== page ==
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# Reconciliation of Cost and Financial Statements

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Last updated date: 12th Aug 2024
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## An Overview

The need for reconciling accounts and financial accounts arise due to discrepancy between cost accounts and financial account. The process of correcting these accounts  is known as the reconciliation of cost and financial accounts. When prepared following financial accounting regulations, numerous things are only included in the profit and loss account.

If the profit or loss were calculated using financial accounts, it would be adjusted using cost accounts. We see a similar profit as per cost accounting after modifications. If we calculated profit using the cost account, we must change the items to reflect the financial accounts. We create a reconciliation statement with this goal in mind.

## Reconciliation Meaning

The profit or loss shown by one set of books may differ from that indicated by the other when cost accounts and financial accounts are handled separately in two separate sets of books. As a result, it becomes important to regularly reconcile the profit or loss indicated by the two sets of accounting.

The reasons for the discrepancy between the data reported by each system are detailed in a note of reconciliation. It is done to look through both sets of accounts' mathematical precision and look for any errors that may have been made.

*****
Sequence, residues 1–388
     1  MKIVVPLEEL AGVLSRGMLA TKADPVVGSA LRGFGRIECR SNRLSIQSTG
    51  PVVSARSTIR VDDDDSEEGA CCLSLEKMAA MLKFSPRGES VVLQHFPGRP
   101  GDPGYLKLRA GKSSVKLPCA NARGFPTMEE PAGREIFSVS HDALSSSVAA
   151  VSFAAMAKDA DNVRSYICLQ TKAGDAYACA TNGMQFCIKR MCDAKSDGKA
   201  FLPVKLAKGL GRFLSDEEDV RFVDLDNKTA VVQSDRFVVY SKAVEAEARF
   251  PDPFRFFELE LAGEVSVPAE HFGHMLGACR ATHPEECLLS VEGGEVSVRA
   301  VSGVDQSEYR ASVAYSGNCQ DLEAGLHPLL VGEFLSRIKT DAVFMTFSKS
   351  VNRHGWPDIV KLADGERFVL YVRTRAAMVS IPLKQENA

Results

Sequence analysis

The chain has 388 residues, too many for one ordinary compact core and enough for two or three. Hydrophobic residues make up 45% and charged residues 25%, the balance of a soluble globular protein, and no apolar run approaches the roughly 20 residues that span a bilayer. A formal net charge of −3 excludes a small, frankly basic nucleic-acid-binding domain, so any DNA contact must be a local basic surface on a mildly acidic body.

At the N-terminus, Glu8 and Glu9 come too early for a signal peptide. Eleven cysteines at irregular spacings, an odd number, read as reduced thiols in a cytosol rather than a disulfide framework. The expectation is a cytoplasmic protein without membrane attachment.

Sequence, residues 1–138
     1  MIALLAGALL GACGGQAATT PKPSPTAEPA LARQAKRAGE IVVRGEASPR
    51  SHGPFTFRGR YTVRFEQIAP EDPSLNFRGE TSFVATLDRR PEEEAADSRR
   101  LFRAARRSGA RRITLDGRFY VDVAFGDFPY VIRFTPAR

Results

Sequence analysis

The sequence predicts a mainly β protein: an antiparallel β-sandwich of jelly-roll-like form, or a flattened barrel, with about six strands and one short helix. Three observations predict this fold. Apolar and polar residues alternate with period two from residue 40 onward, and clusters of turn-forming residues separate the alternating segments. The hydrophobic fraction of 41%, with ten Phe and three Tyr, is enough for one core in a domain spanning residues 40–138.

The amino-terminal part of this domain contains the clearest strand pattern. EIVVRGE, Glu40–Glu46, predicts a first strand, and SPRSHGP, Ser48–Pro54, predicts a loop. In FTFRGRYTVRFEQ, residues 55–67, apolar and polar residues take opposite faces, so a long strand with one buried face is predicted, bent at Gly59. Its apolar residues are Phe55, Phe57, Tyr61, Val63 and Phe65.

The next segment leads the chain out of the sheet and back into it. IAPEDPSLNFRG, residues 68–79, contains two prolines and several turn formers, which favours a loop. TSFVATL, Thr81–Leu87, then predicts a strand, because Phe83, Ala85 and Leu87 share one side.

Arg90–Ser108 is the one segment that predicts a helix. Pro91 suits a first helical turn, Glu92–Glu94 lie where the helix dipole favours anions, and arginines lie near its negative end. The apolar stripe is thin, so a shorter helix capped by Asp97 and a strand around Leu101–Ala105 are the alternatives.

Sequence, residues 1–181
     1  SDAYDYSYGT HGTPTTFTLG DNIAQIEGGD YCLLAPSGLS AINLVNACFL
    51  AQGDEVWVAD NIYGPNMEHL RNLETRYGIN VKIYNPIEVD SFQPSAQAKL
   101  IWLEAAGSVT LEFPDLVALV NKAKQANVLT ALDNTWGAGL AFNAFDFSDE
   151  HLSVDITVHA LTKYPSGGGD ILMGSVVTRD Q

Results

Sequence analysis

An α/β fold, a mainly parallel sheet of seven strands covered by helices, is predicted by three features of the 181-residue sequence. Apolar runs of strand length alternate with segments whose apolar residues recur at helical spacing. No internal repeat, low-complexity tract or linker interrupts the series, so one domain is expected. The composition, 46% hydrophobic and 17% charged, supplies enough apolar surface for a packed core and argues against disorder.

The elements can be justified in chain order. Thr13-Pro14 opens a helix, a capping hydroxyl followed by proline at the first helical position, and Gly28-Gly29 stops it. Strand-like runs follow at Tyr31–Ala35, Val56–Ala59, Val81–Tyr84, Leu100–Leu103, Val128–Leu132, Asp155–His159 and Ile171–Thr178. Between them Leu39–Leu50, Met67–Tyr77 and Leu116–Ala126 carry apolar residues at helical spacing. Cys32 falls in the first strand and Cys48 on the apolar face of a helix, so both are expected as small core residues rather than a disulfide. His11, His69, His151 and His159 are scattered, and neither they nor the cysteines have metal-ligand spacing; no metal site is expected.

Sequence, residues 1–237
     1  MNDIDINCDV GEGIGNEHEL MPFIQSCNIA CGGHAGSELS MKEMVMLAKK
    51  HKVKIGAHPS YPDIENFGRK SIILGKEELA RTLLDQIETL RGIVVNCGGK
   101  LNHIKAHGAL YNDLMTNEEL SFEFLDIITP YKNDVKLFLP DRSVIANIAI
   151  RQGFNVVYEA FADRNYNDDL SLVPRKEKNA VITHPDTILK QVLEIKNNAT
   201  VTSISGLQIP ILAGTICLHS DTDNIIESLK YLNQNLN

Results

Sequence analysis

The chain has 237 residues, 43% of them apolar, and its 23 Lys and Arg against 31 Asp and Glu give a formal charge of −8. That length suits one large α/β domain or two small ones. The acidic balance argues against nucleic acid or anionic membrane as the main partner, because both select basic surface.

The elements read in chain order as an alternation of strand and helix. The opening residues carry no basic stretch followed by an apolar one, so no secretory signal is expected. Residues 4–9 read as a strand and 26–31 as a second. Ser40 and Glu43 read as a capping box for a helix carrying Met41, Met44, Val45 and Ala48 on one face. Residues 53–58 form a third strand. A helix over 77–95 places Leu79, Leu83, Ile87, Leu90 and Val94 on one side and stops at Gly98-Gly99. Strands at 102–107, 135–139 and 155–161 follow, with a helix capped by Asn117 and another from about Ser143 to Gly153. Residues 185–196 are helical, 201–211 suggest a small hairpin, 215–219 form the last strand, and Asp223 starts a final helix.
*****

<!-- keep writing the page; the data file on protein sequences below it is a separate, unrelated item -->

Reconciliation of Cost and Financial Statements

Need for Reconciliation

Several factors call for a reconciliation between the two books:

1. It explains the causes of the profit or loss discrepancy between cost and financial statements.

2. It guarantees that no revenue or expense item has been left off the books and that overhead costs are not being under or over-recovered.

3. It assists in verifying the mathematical precision of both sets of accounts.

4. It guarantees the accuracy of cost accounting to properly determine the cost of manufacturing.

5. By emphasising the fluctuations contributing to an increase or reduction in profit, it facilitates internal management.

6. It encourages coordination and cooperation between cost and financial accounting divisions to provide accurate and trustworthy accounting data.

7. It allows management to create rules for expenses, depreciation, and stock valuation.

8. It guarantees managerial judgement.

Need of Reconciliation

## Items Accounted for Differently in Cost Accounting and Financial Accounting